- The Washington Times - Thursday, July 5, 2007

Henry Miller comes to the Independence Day Parade in the District every year, arriving early to stake out a good spot on Constitution Avenue between the Capitol and the White House.

This year was no different. The 78-year-old Fairfax resident had a curbside seat to the huge balloons, floats and military bands marching by.

“It’s a way for me to come out and celebrate the fact that we live in the greatest country on earth,” he said as a crew of dancers in bright blue costumes created a rhythm with the rattles attached to their boots. “It’s a patriotic crowd, good music and a lot of fun.”

Thousands of people lined the sidewalks of Constitution Avenue in Northwest yesterday for the parade, which began just before noon.

Temperatures stayed in the mid-80s, lower than normal for July, and a cool breeze under hazy skies kept most revelers from overheating — a refreshing change from recent years, when weather played a major role in the parade.

Last year, about 200 people were treated for heat exhaustion when temperatures soared into the 90s. Two years ago, storms dumped 2 inches of rain on the city and forced the cancellation of the parade.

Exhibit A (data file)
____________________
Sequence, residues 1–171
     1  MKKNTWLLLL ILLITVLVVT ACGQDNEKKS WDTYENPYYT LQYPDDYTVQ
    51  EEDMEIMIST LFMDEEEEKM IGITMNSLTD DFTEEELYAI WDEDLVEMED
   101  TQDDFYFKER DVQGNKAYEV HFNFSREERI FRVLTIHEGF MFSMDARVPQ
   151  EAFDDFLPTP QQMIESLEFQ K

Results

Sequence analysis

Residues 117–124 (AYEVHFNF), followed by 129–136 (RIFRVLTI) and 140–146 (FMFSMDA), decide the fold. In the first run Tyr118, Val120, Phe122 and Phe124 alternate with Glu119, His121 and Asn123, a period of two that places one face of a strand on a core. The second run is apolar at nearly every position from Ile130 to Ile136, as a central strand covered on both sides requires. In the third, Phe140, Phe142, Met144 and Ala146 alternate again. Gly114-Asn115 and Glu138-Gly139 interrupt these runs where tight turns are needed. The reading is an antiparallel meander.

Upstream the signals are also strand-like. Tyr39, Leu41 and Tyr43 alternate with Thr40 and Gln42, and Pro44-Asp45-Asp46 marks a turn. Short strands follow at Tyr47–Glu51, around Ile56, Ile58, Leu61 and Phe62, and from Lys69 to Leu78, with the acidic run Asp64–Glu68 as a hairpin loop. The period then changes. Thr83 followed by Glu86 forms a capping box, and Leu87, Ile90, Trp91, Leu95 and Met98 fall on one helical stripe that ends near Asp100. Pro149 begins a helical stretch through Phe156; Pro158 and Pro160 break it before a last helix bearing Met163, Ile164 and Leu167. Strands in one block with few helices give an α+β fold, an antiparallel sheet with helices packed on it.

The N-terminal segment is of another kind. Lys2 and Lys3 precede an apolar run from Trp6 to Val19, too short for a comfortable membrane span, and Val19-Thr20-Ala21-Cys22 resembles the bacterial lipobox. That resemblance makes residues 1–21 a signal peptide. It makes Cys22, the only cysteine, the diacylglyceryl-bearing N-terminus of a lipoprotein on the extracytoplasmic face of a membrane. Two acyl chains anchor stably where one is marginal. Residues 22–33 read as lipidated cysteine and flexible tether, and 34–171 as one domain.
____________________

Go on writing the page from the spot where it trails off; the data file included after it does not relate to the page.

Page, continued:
Just 21 persons were treated for a variety of medical reasons during the parade yesterday, and none were taken to the hospital, said fire department spokesman Alan Etter.

Edward Hamilton, 36, watched the parade with his family from a shady patch along 7th Street Northwest , where it began. He brought his family all the way from Orlando, Fla., to spend the Fourth of July holiday in the District.

“We can visit the museums any time , but being here during this holiday is just great,” he said. “What a way to celebrate the birthday of the USA.”

His son Anthony, 7, said the group of Marines who marched near the beginning of the parade was his favorite, though the huge Curious George balloon that floated above the pavement was a close second.

“I liked to see the soldiers marching because they protect us, and I want to be like them,” he said.

Army, Navy, and Air Force units joined the Marines in the parade.

The procession included many different cultural groups, from a Taiwanese-American group that waved American flags to a group of Bolivian dancers whose traditional costumes sported sparkling “USA” patches.

“Where else would I want to be?” said Krista Springer, 29, as she hoisted her 2-year-old daughter, Adrianna, onto her shoulders. “This is the place to be for July 4th.”

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